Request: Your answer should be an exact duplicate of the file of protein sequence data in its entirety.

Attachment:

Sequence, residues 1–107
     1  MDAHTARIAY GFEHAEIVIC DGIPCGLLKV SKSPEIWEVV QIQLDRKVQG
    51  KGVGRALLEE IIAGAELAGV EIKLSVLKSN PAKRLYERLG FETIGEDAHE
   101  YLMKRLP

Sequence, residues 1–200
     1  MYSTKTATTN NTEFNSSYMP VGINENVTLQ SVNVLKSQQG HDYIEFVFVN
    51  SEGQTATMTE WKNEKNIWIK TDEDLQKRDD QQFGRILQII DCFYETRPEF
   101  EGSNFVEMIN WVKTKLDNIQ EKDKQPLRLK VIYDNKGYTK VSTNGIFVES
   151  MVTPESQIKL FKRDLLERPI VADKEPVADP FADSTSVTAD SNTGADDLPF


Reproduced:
Sequence, residues 1–107
     1  MDAHTARIAY GFEHAEIVIC DGIPCGLLKV SKSPEIWEVV QIQLDRKVQG
    51  KGVGRALLEE IIAGAELAGV EIKLSVLKSN PAKRLYERLG FETIGEDAHE
   101  YLMKRLP

Sequence, residues 1–200
     1  MYSTKTATTN NTEFNSSYMP VGINENVTLQ SVNVLKSQQG HDYIEFVFVN
    51  SEGQTATMTE WKNEKNIWIK TDEDLQKRDD QQFGRILQII DCFYETRPEF
   101  EGSNFVEMIN WVKTKLDNIQ EKDKQPLRLK VIYDNKGYTK VSTNGIFVES
   151  MVTPESQIKL FKRDLLERPI VADKEPVADP FADSTSVTAD SNTGADDLPF